U.S. Platform Planks For Science – Plenty To See, Assuming Platforms Matter

By now the 2012 platforms for both the Republican and Democratic parties are approved and available for reading.  ScienceInsider has offered its opinions on both platforms (Republican analysis, Democratic analysis).

The ScienceInsider reviews provide useful political context for each platform, and I think the assessment of the differences between the 2008 and 2012 Democratic platforms is instructive.  Two items worth keeping at front of mind:

Platforms are not necessarily reflections of the party’s candidates positions.  The clearest example of this for 2012 is the differences between the Republican Party platform on abortion and Governor Romney’s stated differences with that platform (this segment from The Daily Show captures this pretty well).

There is no distinct section on science and technology.  While it may be an issue for some, those outside the field engage with science and technology more as part of other policy areas than on its own terms.  This resonates with a common theme on this blog, that the bigger challenge to science and technology concerns in policy is the priority decision makers place on it rather than the partisan background of those decision makers.

To figure out where the parties stand on science and technology issues, look for the policy areas where you might find applications of science and technology.  Energy, education, transportation, food security, international development and the internet are all areas in which one can surmise how each prospective administration would use science and technology to accomplish their desired policy outcomes.  It doesn’t give a complete picture, but I don’t think the platforms really do that for any particular area of policy.

What might drive some (okay, Chris Mooney) nutty would be this call in the Republican platform (page 25 in the document, but numbered page 18), boldface mine:

“Moreover, the advance of science and technology advances environmentalism as well.  Science allows us to weigh the costs and benefits of a policy so that we can prudently deal with our resources.  This is especially important when the causes and long-range effects of a phenomenon are uncertain.  We must restore scientific integrity to our public research institutions and remove political incentives from federally funded research.”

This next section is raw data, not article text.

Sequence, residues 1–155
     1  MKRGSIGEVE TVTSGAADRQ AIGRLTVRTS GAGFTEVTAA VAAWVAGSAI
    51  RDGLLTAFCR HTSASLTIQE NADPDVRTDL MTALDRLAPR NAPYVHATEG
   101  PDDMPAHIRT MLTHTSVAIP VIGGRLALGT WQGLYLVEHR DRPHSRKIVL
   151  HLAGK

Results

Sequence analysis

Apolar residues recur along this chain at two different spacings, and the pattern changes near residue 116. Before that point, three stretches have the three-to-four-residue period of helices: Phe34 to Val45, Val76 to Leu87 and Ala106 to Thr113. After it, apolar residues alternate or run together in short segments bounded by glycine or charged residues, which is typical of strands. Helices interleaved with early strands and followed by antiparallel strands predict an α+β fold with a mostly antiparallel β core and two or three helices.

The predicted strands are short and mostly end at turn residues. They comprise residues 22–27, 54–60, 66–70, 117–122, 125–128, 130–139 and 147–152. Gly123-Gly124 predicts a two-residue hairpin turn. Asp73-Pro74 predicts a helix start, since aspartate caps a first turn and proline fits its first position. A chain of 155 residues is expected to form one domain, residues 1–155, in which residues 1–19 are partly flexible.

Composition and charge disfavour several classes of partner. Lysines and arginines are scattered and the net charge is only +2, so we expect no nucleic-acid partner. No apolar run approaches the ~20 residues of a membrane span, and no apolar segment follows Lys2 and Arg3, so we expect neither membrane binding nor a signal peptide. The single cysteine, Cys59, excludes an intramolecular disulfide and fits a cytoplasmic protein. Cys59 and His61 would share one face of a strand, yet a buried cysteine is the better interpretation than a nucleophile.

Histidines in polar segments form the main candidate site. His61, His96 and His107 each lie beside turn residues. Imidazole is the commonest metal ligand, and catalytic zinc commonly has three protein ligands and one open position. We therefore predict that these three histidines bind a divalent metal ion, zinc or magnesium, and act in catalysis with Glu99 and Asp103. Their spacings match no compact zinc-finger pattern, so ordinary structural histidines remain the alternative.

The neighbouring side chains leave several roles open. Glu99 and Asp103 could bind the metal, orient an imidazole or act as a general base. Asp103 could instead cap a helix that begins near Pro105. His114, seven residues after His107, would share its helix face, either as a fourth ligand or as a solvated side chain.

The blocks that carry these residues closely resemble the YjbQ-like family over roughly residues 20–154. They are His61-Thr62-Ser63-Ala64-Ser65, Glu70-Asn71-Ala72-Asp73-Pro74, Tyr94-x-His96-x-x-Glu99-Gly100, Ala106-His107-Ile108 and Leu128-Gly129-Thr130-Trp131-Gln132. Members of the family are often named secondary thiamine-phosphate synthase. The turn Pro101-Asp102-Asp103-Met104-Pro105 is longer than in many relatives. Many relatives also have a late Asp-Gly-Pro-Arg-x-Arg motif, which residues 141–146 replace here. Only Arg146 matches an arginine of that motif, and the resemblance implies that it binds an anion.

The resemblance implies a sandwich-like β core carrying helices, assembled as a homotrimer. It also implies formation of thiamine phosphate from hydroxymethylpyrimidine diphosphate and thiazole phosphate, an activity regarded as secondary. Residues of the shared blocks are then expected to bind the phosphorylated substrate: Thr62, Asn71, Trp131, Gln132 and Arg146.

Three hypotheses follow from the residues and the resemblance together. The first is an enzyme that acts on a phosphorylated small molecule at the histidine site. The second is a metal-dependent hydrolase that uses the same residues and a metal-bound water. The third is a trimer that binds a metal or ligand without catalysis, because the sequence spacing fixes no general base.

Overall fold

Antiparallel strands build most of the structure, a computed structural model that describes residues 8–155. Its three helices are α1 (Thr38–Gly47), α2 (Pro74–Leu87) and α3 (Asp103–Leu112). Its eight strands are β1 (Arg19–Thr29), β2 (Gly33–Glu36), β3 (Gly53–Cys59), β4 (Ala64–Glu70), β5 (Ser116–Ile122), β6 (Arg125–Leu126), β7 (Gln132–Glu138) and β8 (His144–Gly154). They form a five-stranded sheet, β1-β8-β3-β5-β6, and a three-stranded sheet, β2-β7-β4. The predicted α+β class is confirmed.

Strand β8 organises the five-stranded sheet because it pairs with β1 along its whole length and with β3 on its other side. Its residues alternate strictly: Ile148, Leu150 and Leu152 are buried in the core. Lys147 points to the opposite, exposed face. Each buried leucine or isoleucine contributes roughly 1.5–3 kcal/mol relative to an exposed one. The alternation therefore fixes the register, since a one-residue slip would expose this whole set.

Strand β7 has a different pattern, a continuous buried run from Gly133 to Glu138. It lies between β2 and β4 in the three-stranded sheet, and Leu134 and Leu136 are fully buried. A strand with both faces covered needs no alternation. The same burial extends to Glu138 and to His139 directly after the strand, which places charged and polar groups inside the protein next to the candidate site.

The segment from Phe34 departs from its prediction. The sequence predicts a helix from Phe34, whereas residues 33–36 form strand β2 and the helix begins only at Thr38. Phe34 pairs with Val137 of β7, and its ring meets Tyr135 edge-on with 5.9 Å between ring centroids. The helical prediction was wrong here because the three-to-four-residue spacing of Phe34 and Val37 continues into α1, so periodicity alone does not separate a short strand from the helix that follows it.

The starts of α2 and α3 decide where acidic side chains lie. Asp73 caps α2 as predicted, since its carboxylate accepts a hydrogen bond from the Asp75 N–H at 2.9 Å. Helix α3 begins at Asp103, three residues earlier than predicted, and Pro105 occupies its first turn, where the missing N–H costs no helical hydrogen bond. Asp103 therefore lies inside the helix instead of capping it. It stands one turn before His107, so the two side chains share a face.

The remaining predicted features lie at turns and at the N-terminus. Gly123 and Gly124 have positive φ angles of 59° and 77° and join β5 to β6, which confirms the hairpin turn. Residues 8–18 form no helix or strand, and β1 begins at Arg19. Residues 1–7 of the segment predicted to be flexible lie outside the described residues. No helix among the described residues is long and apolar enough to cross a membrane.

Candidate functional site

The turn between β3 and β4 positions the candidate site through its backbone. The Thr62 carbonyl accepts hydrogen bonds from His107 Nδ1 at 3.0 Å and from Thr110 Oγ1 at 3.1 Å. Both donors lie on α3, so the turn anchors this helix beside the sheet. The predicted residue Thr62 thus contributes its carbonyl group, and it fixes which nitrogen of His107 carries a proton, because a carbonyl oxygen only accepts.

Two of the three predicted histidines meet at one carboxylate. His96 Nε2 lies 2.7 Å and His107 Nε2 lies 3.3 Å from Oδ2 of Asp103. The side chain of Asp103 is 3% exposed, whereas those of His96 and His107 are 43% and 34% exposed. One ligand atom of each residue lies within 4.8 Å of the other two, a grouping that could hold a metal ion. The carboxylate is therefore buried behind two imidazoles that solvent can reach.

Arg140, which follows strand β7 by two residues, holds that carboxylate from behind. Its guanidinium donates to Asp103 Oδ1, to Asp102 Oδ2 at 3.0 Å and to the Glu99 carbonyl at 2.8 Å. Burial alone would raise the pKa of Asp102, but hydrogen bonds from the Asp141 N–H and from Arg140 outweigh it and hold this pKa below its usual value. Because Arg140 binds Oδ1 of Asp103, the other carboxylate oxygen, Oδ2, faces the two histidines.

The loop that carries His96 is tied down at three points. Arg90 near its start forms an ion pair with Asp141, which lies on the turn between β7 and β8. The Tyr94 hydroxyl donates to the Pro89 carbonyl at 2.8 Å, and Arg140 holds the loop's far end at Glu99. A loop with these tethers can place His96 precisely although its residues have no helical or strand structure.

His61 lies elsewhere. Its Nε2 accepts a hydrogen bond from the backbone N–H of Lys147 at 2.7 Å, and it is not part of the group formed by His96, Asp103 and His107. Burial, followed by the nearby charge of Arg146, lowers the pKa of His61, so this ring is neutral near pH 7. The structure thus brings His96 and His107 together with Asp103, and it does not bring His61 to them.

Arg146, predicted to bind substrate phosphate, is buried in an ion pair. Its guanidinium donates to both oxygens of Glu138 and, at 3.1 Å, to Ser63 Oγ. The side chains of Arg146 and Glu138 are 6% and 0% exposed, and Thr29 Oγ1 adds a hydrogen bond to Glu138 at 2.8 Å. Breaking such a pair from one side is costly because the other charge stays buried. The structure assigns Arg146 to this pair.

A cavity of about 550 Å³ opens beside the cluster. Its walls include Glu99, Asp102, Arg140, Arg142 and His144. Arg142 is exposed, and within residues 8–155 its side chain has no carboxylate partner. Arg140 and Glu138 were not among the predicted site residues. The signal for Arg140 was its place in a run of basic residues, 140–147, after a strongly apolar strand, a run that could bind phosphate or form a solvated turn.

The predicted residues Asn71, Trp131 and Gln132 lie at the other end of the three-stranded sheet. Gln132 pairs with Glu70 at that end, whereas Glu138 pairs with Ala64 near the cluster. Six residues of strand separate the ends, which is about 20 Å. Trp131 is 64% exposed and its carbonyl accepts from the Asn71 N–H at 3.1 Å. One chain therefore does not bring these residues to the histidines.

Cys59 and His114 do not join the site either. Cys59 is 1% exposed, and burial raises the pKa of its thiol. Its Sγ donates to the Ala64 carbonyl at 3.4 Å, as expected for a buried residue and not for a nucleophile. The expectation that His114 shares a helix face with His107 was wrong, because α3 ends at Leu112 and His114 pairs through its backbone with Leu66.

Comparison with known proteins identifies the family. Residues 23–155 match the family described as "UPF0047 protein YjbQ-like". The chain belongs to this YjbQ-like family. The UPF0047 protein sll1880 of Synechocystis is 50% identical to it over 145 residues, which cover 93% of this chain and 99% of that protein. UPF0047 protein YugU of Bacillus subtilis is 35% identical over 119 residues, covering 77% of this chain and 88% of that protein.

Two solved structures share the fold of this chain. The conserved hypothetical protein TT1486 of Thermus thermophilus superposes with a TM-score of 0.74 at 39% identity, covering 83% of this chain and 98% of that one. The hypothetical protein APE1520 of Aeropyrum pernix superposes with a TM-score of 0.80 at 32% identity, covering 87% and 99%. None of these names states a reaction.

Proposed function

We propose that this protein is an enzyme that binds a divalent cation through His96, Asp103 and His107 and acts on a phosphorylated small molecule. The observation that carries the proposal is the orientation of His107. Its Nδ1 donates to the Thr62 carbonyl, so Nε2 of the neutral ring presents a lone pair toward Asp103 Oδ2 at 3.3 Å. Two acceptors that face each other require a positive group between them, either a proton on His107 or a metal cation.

The platform is silent on the specifics of the problem or the possible solutions the party seeks to implement.  However, the preceding paragraphs discuss how the party considers people the most valuable resource but seeks policies to balance economic development and private property interests with conservation goals.  That’s a legitimate, value-based perspective that informs the party’s thoughts on scientific integrity.  But I don’t expect this attempt to improve scientific integrity to be any more successful than the various half measures and failures of the current administration’s efforts to implement scientific integrity principles.

If you’re still reading this far, bless you.  The platforms are a melange of competing, if similar interests.  Part campaign document, part statement of principles, part (smallish one, but still) policy statement, these platforms lack the detail of their U.K. cousins, but that could be as much a difference of how the parties in each country operate (major parties in the U.K. develop their ‘platforms’ on an annual basis).  Above all, the documents are aspirational.  They express what the parties want to do, or what to have happen.  The correlation with actual events is hard to find.

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